Posterior brain damage and cognitive impairmen

Maria A. Rocca, Martina Absinta, Maria Pia Amato, Lucia Moiola, Angelo Ghezzi, Pierangelo Veggiotti, Ruggero Capra, Emilio Portaccio, Agnese Fiorino, Lorena Pippolo, Maria Carmela Pera, Mark A. Horsfield, Andrea Falini, Giancarlo Comi, Massimo Filippi

Research output: Contribution to journalArticle


Objective: We combined structural and functional MRI to better understand the mechanisms responsible for cognitive impairment in pediatric patients with multiple sclerosis (MS). Methods: Brain dual-echo, diffusion tensor, 3D T1-weighted, and resting-state (RS) fMRI scans were acquired from 35 consecutive pediatric patients with MS and 16 sex- and age-matched healthy controls. Patients with abnormalities in ≥2 neuropsychological tests were classified as cognitively impaired. The regional distribution of white matter (WM) and gray matter (GM) damage was assessed using voxel-wise analyses. Default mode network (DMN) RS functional connectivity (FC) was also measured. Results: Sixteen patients (45%) were classified as cognitively impaired. Compared to cognitively preserved (CP) patients, cognitively impaired patients with MS had higher occurrence of T2 lesions as well as more severe damage to the WM and GM, as measured by atrophy and diffusivity abnormalities, in the posterior regions of the parietal lobes close to the midline (precuneus, posterior cingulum, and corpus callosum). Compared to the other study groups, they also showed reduced RS FC of the precuneus, whereas CP patients experienced an increased RS FC of the anterior cingulate cortex. A multivariable model identified diffusivity abnormalities of the cingulum and corpus callosum and RS FC of the precuneus as the covariates more strongly associated with cognitive impairment (C-index = 0.99). Conclusions: In pediatric patients with MS, cognitive dysfunction is associated with structural and functional abnormalities of the posterior core regions of the DMN. WM structural abnormalities co-occurring at this level are likely to be the substrate of such modifications.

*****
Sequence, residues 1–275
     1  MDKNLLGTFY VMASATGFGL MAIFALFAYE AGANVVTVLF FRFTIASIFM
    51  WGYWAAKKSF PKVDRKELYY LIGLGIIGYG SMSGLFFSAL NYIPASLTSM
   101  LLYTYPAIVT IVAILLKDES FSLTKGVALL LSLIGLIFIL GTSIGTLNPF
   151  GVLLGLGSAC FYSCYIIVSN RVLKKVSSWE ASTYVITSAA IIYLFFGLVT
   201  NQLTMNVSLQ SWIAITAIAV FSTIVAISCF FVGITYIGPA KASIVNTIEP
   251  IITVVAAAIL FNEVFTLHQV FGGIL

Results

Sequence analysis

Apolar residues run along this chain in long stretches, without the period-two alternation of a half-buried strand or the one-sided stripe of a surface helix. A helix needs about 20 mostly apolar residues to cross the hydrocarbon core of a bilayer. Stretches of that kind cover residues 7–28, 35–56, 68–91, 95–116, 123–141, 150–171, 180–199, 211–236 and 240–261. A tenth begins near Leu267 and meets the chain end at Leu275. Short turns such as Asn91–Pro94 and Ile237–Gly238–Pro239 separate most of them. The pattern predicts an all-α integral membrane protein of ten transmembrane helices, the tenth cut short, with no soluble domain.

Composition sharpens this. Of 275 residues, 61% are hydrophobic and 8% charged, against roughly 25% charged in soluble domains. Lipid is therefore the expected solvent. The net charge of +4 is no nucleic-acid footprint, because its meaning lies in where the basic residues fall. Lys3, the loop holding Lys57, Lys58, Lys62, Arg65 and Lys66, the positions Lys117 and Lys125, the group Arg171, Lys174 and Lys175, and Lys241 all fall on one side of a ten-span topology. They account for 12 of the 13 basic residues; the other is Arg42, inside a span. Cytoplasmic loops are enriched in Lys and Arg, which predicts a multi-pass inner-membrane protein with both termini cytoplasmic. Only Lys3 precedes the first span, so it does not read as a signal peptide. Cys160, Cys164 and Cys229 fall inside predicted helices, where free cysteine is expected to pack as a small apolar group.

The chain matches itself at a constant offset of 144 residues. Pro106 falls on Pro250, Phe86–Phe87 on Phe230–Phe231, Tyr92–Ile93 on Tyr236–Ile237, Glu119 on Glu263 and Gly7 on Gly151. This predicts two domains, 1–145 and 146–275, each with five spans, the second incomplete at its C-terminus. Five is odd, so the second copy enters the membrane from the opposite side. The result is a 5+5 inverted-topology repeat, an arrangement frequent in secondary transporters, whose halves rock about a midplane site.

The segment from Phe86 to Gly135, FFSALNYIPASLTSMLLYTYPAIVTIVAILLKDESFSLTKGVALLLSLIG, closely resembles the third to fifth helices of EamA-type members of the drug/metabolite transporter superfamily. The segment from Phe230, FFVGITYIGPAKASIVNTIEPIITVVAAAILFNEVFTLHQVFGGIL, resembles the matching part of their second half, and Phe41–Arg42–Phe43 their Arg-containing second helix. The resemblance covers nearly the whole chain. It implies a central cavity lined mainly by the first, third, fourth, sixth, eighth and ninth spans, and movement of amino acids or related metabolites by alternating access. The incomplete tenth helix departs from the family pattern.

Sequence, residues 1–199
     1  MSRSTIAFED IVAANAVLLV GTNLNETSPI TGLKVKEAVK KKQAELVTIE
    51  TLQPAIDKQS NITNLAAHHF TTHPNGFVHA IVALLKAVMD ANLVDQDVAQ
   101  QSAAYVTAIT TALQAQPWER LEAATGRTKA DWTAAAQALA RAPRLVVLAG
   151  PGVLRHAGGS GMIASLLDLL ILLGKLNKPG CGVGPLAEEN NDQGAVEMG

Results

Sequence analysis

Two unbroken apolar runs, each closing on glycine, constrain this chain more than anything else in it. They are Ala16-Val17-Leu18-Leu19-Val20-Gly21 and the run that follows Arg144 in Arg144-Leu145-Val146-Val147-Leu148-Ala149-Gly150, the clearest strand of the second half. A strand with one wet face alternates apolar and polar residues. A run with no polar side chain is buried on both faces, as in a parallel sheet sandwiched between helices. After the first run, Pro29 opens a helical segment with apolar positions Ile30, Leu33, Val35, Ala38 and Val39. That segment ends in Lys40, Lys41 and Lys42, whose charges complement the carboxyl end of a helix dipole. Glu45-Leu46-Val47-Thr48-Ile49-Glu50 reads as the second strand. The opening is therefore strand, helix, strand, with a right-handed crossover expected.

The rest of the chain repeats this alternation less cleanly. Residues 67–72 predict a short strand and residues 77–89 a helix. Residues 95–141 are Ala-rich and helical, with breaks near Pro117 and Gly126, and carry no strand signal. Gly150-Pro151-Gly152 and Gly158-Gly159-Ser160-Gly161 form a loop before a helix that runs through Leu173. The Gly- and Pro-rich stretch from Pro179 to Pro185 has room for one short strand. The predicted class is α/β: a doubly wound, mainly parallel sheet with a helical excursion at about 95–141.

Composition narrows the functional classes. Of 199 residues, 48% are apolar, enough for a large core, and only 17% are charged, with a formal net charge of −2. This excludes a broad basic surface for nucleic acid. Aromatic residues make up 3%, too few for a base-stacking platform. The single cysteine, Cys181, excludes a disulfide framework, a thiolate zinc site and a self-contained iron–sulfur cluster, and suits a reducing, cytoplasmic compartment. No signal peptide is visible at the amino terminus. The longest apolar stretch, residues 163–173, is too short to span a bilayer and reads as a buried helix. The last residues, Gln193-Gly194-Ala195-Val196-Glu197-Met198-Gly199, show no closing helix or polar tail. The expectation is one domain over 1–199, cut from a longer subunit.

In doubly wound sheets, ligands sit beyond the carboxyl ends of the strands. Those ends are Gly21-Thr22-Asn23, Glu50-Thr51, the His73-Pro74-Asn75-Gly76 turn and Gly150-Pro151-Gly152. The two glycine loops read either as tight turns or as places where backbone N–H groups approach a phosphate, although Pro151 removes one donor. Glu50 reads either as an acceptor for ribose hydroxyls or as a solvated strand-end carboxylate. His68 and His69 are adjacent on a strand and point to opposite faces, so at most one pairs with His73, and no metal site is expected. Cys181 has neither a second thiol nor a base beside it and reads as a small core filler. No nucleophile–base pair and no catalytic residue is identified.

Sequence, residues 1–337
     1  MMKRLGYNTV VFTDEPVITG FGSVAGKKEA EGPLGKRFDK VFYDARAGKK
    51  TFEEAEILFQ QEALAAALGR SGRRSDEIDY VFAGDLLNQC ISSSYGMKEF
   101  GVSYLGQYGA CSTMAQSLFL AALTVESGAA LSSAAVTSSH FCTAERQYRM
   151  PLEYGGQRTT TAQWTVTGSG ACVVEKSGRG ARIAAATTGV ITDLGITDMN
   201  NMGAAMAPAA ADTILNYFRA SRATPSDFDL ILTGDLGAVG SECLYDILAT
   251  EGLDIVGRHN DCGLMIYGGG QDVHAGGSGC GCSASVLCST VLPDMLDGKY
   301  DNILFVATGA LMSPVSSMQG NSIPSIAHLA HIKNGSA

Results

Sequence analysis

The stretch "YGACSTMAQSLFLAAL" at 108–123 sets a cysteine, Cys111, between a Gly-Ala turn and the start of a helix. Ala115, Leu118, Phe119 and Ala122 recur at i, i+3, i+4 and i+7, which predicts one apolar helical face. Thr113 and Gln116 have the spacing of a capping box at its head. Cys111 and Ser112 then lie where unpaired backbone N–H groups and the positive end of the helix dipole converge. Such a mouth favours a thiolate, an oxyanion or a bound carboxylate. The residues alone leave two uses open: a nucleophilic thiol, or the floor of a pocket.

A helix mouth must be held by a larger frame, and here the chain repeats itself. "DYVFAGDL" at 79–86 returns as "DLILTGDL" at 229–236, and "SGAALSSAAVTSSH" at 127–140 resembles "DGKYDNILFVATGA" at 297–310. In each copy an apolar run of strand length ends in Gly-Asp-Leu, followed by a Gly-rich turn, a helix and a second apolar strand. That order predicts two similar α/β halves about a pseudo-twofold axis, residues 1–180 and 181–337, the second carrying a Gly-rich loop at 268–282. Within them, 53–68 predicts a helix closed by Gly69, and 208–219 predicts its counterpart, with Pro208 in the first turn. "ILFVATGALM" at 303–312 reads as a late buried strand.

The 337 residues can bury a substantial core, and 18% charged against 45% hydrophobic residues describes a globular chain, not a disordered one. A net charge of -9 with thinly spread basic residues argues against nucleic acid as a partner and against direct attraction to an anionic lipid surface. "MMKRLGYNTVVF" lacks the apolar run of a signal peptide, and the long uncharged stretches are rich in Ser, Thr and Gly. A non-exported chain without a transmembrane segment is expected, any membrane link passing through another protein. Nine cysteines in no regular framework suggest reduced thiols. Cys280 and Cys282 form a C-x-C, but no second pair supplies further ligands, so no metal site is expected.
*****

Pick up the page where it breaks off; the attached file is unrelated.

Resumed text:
Original languageEnglish (US)
Pages (from-to)1314-1321
Number of pages8
Issue number15
StatePublished - Apr 15 2014
Externally publishedYes


ASJC Scopus subject areas

  • Clinical Neurology

Cite this

Rocca, M. A., Absinta, M., Amato, M. P., Moiola, L., Ghezzi, A., Veggiotti, P., Capra, R., Portaccio, E., Fiorino, A., Pippolo, L., Pera, M. C., Horsfield, M. A., Falini, A., Comi, G., & Filippi, M. (2014). Posterior brain damage and cognitive impairmen. Neurology, 82(15), 1314-1321.